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Is this true about the MCAT? My friend who got a 35 on the MCAT told me

Discussion in 'MCAT Discussions' started by alexfoleyc, Jan 3, 2009.

  1. alexfoleyc

    alexfoleyc Senior Member
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    Well, I asked one of my senior friends who got a 35 on the MCAT how was the exam in general and this is what her said, "In a way, it felt like all those hours I spent studying were in vain--you know, like memorizing chunks of o-chem material and physics formulas--the exam is set up in way that an English major who has good thinking skills can do well. You do not need to know any advance science knowledge. Im not saying that you shouldnt study; just make sure you know the general idea of fundamental biology, chemistry (organic and inorganic), physics-related material." He also said that the test does not require you to recall chunks of facts instead the answers are within the passages and you have to deduce them with your assessment skills. Is that true?


    ----The way he said it seemed like that mcat isnt that difficult as it sounds, however, that was his idea of it. Thats why I am asking my fellow SDNers how they feel about the mcat (assuming you took it already) and is this guy just really a good test taker or the stuff about the mcat he said is true?
     
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  3. 236116

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    It's basic knowledge and critical thinking.
     
  4. RySerr21

    RySerr21 i aint kinda hot Im sauna
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    Thats a pretty accurate description.
     
  5. DrSno

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    BS. These statements are false.
     
  6. alexfoleyc

    alexfoleyc Senior Member
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    I knew it!! He was setting me up for failure!! What advanced topics do I need to know?
     
  7. Kaustikos

    Kaustikos Archerize It
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    I can definitely agree. Having took it twice and using drastically different methods, I can say that the answers are in the passages, or even in the questions, so to speak. Especially Biology/Organic Chemistry; the only part where it isn't is the discretes.

    Also, doesn't this belong in the MCAT discussions?
     
  8. Kaustikos

    Kaustikos Archerize It
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    They're outlandish and extreme, but not false.
     
  9. RySerr21

    RySerr21 i aint kinda hot Im sauna
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    Just buy a review book. Thats what you need to konw. Just dont get bent out of shape on memorizing crazy detais. They save that for med school.
     
  10. DrSno

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    Discrete questions make up around 20% of the science sections and they require the scientific knowledge. Also, about half of the questions with the passages require knowing the science. If you count on just getting the answers from the passage, you will not do well.
     
  11. 236116

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    alzo dem ppl waht wrot teh mcatz sez itz a kritcle tthinkn tezst, noawt su muhc wid deh meomeorizasonz.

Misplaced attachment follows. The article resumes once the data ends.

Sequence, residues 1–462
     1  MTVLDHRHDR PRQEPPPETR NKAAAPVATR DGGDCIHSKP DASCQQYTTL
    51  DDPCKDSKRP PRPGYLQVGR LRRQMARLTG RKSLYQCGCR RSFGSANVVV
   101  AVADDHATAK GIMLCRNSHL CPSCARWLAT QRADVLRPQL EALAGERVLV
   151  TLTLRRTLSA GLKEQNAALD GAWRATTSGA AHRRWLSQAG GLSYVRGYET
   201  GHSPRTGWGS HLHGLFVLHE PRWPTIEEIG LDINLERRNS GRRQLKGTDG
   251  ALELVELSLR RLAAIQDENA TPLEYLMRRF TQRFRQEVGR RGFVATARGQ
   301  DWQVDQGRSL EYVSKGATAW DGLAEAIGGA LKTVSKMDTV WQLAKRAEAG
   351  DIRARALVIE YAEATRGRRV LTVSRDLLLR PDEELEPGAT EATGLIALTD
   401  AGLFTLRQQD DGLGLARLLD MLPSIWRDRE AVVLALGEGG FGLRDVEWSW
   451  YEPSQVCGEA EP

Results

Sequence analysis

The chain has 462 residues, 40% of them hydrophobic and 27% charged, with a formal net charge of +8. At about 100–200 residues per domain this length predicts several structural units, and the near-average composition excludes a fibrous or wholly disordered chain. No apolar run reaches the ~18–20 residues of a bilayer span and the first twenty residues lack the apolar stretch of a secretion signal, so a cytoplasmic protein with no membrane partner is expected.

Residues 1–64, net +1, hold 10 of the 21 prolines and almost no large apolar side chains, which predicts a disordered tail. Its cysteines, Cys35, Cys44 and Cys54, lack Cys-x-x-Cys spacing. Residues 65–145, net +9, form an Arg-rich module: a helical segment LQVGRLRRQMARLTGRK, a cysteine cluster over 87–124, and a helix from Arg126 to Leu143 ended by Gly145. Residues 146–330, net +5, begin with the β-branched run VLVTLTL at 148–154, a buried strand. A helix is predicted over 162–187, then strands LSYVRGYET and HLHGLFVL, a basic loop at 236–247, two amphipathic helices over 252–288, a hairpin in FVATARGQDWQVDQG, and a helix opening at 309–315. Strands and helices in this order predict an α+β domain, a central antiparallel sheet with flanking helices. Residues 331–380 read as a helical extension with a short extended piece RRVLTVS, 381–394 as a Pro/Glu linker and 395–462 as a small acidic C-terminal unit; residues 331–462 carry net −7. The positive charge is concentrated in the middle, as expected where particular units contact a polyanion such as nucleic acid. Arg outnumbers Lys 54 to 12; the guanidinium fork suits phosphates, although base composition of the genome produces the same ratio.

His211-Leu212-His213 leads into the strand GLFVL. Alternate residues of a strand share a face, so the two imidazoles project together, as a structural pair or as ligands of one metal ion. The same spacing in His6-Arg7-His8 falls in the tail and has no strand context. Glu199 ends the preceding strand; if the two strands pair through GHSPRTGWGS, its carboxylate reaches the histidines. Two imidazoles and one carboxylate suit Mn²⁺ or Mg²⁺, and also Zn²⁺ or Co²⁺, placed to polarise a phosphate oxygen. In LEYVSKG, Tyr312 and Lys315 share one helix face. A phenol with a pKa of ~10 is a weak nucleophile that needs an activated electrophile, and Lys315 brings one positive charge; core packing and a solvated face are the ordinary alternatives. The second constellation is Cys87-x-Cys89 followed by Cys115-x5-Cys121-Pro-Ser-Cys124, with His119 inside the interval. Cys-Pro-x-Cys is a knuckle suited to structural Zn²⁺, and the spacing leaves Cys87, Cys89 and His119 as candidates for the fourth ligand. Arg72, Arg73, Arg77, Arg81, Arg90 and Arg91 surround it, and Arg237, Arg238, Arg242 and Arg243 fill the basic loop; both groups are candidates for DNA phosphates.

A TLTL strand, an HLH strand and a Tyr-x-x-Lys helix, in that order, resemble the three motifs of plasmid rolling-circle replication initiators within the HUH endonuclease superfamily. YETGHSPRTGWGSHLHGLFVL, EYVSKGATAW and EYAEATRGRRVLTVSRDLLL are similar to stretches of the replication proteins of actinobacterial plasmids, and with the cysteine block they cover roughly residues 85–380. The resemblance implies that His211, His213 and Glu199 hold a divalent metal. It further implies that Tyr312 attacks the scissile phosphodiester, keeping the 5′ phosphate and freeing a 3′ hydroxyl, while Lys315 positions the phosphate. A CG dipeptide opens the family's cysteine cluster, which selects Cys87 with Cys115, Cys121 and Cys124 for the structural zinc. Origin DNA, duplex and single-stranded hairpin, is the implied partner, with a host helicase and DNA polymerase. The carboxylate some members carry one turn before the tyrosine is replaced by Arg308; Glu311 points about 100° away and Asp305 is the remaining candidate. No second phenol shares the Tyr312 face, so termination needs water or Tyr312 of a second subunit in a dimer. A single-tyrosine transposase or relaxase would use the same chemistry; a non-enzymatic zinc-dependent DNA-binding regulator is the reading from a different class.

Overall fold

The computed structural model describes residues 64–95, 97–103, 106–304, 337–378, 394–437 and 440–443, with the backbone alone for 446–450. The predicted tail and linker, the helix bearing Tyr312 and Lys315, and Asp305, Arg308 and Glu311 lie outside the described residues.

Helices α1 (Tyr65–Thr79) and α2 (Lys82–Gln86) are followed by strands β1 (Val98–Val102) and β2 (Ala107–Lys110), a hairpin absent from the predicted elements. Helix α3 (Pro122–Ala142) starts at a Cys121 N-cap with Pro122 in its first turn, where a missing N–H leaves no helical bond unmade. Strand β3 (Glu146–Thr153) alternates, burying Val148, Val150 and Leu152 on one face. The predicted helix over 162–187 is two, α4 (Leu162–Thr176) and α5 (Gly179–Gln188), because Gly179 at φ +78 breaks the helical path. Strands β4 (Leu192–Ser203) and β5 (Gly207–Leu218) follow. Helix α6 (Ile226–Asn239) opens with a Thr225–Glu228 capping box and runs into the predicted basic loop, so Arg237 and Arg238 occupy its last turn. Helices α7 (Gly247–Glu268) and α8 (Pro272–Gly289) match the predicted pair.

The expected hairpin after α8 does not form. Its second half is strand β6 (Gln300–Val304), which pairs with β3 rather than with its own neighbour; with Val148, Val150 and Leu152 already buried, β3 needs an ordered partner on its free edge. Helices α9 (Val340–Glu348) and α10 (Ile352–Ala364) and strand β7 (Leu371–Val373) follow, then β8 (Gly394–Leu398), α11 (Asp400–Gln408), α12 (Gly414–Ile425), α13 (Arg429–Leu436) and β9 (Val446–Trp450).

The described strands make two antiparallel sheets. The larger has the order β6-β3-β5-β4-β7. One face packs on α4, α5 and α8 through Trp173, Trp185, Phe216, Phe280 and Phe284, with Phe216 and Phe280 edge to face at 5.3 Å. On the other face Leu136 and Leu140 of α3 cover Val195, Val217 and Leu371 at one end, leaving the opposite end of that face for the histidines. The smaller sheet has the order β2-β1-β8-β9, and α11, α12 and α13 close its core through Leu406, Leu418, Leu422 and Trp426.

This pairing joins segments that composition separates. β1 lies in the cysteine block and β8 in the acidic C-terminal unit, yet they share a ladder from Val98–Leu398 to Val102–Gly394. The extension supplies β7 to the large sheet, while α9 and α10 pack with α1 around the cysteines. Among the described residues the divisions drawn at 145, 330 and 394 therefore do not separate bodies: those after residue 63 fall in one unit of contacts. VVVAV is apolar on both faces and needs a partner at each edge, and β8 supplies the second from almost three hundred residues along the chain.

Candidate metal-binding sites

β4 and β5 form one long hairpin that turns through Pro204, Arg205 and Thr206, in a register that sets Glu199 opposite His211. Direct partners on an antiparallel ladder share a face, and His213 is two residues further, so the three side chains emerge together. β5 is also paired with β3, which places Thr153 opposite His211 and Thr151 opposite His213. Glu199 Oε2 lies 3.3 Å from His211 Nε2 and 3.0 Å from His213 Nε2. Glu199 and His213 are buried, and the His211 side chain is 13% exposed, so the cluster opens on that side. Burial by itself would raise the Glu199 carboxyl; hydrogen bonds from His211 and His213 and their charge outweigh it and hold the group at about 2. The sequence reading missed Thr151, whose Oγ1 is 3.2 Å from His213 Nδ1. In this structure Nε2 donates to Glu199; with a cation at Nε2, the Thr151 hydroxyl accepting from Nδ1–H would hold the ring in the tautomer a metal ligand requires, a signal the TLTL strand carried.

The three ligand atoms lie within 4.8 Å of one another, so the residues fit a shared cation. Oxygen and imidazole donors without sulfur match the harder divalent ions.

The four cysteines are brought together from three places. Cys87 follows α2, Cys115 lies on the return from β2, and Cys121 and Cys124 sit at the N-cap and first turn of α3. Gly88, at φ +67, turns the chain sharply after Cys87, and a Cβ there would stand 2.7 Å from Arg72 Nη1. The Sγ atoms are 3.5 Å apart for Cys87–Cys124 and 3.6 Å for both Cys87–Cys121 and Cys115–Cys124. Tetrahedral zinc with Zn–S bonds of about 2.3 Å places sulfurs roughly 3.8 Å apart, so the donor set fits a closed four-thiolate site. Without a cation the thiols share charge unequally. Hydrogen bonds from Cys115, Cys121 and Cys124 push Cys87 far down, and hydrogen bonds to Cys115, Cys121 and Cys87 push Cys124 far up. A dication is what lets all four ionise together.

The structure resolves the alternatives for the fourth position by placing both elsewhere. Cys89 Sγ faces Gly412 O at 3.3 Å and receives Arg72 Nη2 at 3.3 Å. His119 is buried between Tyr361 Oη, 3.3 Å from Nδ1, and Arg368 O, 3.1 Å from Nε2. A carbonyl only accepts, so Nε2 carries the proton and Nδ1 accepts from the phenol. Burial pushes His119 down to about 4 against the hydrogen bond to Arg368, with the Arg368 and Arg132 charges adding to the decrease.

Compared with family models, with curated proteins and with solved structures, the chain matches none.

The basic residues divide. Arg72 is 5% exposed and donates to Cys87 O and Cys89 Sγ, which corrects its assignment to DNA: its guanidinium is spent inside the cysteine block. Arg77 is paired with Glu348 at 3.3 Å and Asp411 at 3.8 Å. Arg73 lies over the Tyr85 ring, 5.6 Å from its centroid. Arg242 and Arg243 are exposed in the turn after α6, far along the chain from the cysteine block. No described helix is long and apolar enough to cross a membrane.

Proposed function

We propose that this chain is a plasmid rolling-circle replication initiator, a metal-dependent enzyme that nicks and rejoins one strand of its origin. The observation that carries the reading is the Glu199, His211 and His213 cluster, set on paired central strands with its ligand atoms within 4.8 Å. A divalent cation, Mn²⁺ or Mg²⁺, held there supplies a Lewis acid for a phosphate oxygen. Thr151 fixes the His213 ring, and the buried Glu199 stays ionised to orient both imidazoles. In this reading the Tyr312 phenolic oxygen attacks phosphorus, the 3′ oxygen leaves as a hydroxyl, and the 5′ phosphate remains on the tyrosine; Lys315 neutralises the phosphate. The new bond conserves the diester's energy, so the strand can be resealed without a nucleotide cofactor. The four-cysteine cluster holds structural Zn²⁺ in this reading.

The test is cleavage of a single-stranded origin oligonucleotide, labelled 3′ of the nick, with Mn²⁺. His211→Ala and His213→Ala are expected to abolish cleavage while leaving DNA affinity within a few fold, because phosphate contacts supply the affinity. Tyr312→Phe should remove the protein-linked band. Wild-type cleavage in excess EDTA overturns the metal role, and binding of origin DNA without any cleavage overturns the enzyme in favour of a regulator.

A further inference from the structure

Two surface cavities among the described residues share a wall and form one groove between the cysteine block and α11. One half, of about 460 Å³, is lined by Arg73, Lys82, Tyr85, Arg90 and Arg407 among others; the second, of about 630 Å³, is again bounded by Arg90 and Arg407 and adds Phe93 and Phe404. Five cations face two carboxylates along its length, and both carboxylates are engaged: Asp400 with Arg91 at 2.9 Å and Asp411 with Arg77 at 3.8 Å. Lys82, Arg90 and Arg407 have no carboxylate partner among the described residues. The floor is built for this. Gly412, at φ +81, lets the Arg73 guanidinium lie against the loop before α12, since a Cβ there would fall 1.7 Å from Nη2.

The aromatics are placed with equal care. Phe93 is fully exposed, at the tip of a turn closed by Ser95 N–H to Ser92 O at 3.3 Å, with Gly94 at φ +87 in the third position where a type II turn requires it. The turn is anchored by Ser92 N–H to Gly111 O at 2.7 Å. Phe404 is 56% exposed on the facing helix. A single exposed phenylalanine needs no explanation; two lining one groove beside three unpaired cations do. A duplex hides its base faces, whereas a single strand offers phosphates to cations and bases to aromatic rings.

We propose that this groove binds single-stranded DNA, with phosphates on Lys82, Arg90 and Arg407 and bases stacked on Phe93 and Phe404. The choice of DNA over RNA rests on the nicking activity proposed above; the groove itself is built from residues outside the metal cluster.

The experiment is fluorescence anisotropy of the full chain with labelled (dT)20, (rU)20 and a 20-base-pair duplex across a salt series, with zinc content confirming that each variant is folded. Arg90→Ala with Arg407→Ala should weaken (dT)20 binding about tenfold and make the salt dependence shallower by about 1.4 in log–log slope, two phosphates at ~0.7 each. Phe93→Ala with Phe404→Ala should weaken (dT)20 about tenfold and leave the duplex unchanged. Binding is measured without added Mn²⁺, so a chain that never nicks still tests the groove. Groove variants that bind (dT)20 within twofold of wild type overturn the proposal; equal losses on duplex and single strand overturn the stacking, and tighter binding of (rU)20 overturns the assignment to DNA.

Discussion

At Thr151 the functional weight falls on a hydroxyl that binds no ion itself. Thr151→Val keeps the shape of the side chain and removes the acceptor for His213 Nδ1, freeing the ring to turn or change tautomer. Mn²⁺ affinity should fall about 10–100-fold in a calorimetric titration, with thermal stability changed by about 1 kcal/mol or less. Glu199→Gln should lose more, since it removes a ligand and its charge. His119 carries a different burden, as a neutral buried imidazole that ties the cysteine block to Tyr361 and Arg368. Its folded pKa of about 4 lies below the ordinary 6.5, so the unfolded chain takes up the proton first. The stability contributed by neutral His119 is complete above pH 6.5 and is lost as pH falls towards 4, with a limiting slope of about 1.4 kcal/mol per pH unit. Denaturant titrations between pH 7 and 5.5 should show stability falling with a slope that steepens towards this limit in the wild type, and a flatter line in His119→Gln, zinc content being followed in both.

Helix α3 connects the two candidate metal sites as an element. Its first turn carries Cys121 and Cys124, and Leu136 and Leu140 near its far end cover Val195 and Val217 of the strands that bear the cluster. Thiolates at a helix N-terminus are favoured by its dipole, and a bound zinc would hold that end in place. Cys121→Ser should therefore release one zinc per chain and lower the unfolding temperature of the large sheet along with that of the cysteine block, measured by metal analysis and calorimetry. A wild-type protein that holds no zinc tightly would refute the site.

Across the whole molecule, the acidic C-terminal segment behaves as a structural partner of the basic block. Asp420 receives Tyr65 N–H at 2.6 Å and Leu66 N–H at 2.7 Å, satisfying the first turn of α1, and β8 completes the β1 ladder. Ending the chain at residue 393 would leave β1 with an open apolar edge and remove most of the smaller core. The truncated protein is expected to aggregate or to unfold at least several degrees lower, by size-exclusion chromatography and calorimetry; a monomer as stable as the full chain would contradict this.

pg 3: http://www.aamc.org/students/mcat/mcatessentials.pdf

    Also I speak 1337.
     
  12. RySerr21

    RySerr21 i aint kinda hot Im sauna
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    Exactly. Know the fundamentals, not the nitty gritty details. Thats exactly what the OPs friend said.
     
  13. DrSno

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    Well I guess that all depends on what you call the "fundamentals".

    My MCAT, however, required knowing some of the nitty gritty.
     
  14. Revilla

    Revilla New Member
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    True.

    Be careful with that line of thinking. It's not like it's a walk in the park. In a lot of ways, it would be much, much easier if it really was based solely on content and you were required to know and recall random scientific facts. Just ask all those pre-meds with 3.8 GPAs who have to retake.
     
  15. Chocolate Bear

    Chocolate Bear Moderizzle Fo'Shizzle!
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    This all seems SO subjective I don't even know how to respond. In fact, I'd say this conversation is basically useless. Once you begin studying and take a few practice tests (after having studied for a while), you'll see what it's all about.

    That being said, there are plenty of big picture questions (Q: If the cerebellum becomes injured, what might you expect? A: Motor problems) and fine detail questions (like ones in Gen Chem that I couldn't find an answer to in any textbook to save my life after the exam).

    Big picture questions may be the majority, but the fine detail questions separate the mid-20's from the 30+'s. Most people will get most of the big picture questions, while the nitty gritty questions will determine who gets the glory.
     
  16. cyclin M

    cyclin M megaman
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    LOL that just made me burst out laughing. Doubt is healthy though.

    No offense but your friend didn't exactly ace the MCAT and here he is talking nonchalantly and giving you the impression it's not hard. :thumbdown: Take his advice with a grain of salt. Without his copious amounts of prep who knows maybe he would've scored lower.